April 17, 2003

James McPherson on the "Old Boy Network"

"My own path to Ivy League employment, by contrast, was ridiculously easy. One day in 1962 the chairman of the history department at Princeton phoned my Hopkins adviser, C. Vann Woodward, and asked him if he had a 'young man' to recommend for an instructorship (then the first rung on the tenure-track ladder). Woodward recommended me -- I don't know if he even had to put it in writing -- and Princeton offered me the job, without a real interview and without having seen any dissertation chapters. This was the infamous 'old boy network,' surely the most powerful instrument of affirmative action ever devised."

-- James McPherson, "Deconstructing Affirmative Action," Perspectives, April 2003

Damn. We used to joke about this kind of thing in graduate school. But I thought the stories were fictions, or at least grossly exaggerated and highly embellished accounts that did express a fundamental truth about the differences between the generations, and more specifically about the diminished expectations of our own. Turns out at least one of the stories that circulated was factually true.

McPherson is a history professor at Princeton and current president of the American Historical Association. His reflections on affirmative action are worth reading.

Posted by Invisible Adjunct at April 17, 2003 04:59 PM

I firmly believe that this is why some are so awful in helping their fledgling Ph.D's out in the current situation.

Some of them got their jobs exactly the same way McPherson did. Some, in the past, got their students jobs this way. Simply make a phone call and rely on the personal connection.

But in this glutted marketplace, this practice has broken down in a vast majority of cases.

This inability to effectively "sell" one's graduates, in a glutted and arbitrary market, is a tragedy. And it isn't being publically acknowledged, as far as I know.

The other galling thing is how people who are making the choices about who of us are qualified to get interviews or jobs are people who were hired without impressive qualifications. You or I have better qualifications now than they did when they were hired. What is wrong with this picture?

Posted by: David at April 17, 2003 06:43 PM

It's not a myth. I heard a story just like this--of all places--at a panel of old alums convened to give advice about the job market to us newminted PhDs. One woman was there to provide a perspective on what a certain kind of school looks for (maybe it was the small liberal arts school, I don't remember) but in passing she remarked somewhat sheepishly, "of course, it was different for us. I didn't even have to compete for my first job; I was visiting at some conference with my husband, and it came up that they were looking for a professor of [whatever she was], and after some talk they hired me." The details escape me, but the upshot was that they hired her with a handshake. No interview.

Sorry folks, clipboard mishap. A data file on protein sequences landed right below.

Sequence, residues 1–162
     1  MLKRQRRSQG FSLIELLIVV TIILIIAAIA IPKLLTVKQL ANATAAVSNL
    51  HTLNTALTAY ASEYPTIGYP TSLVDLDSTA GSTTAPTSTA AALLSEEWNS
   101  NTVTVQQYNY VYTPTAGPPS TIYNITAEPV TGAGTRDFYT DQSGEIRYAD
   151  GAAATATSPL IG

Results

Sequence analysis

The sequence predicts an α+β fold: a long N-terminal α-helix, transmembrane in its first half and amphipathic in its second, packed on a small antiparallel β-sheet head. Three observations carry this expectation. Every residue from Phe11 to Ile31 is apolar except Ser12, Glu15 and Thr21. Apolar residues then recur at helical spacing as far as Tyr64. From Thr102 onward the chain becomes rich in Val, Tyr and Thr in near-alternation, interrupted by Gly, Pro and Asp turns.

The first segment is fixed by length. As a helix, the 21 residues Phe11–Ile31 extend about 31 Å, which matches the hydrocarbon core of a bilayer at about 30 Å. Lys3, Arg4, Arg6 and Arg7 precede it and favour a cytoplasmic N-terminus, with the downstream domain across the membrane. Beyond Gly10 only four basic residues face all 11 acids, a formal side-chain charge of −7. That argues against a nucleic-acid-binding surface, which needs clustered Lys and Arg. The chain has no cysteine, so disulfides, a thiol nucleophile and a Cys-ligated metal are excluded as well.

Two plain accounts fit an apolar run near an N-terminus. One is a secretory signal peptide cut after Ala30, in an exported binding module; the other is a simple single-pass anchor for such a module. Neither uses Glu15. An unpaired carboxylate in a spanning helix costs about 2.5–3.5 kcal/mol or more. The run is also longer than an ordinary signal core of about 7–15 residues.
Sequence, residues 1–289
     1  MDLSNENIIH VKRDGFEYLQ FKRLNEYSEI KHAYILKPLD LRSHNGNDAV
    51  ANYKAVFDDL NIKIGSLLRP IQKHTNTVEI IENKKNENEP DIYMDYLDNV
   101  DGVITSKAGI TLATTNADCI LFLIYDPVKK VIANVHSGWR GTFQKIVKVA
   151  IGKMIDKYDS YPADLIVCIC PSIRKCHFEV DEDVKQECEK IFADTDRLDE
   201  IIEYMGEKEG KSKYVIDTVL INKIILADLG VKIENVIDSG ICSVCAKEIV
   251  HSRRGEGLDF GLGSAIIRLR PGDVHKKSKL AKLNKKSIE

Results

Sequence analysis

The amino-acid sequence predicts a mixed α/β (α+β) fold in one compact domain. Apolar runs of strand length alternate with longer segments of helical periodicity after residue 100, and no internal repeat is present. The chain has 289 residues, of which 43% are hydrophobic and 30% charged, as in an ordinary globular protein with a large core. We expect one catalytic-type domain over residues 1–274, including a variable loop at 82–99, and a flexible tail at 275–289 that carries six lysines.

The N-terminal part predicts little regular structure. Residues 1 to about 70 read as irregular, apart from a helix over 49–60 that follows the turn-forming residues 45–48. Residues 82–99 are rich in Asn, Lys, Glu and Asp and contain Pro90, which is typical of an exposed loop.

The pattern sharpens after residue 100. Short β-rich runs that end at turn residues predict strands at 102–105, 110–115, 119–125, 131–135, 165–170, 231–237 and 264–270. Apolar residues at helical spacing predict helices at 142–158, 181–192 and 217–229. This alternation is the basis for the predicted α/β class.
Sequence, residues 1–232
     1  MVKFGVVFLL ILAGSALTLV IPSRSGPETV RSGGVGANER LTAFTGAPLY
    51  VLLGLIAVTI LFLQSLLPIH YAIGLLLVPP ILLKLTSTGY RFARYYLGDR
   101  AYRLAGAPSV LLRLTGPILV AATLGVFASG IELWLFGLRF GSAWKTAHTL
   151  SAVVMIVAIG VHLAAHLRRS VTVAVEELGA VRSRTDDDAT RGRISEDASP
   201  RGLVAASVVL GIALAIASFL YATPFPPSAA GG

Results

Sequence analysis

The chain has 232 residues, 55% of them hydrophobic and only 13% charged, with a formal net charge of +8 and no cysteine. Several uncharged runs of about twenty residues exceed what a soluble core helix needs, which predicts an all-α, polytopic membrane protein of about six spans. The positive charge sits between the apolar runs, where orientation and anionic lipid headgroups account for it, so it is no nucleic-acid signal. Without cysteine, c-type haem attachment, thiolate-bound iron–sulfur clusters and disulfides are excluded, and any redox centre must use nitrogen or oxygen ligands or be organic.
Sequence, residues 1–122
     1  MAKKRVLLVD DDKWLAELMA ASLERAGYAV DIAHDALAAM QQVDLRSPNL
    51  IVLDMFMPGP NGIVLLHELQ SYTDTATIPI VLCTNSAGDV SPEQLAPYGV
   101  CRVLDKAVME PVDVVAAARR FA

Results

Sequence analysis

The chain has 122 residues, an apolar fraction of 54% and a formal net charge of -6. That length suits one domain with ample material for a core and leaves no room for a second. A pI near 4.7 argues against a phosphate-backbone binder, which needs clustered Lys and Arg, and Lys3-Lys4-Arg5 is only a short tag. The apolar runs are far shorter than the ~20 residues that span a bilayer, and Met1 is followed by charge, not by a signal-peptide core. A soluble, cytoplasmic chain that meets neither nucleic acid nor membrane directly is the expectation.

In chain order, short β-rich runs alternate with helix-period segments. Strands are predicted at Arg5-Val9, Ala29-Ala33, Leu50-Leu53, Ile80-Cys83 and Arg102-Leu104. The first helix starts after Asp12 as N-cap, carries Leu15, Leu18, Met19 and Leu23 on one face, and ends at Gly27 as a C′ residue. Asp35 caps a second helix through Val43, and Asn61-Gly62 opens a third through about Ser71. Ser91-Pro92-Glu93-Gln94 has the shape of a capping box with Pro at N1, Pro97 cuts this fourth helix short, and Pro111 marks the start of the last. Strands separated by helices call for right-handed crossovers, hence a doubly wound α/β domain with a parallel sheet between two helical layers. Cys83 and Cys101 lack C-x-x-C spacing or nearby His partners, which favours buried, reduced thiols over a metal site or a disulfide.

This was late 60s, maybe '70. And it was a woman (albeit vouched for by her husband, as I recall).

I appreciated the candor of this story. And I've come across several instances of the same narrative since. I think there are a lot of stories like this that remain secret because the prior generation are embarassed at their own ease of entry compared to the current meatgrinder which they help to oversee.

Posted by: T. V. at April 17, 2003 08:31 PM

I believe this is the third column that McPherson has written as president of the AHA, and the second one in which he has addressed the painful contrast between past and present. In his first column (I cannot find it online, or I would link to it), he speaks of the sadness he feels when he sees very well-qualified people -- some of them better qualified, he writes, than he was when he started at Princeton -- reduced to year after year of postdoc, visiting professor and adjunct teaching positions.

I don't hold it against McPherson's generation that they had an easier time of it. What makes me angry is the refusal on the part of some senior faculty to admit that they were the beneficiaries of forces beyond their own talent, drive and sheer brilliance (eg., demographics). And yes, it is galling indeed to encounter mediocrities who sit in judgment of candidates according to standards that they themselves were never subjected to and which they themselves could not possibly meet.

Posted by: Invisible Adjunct at April 17, 2003 10:11 PM

I guess this depends heavily on the field, but I am surprised this isn't the standard way for people to get jobs in academia. I would guess that personal connections still account for a significant proportion of interviews. It may not be a handshake-and-your-in, but really it seems that getting to the interview is affected in some part by how well a hiring committee knows your Ph.D. committee--by reputation if not personally.

A friend went through the cattle-call of unsuccessful AHA interviews--something like 12 one year--only to be offered positions through a more networky process.

Not to say that extraordinary talent is not recognized regardless of the school you attend or the contacts of your advisor, but I also don't think it is a meritocracy, by and large.

Posted by: Alex at April 18, 2003 03:11 AM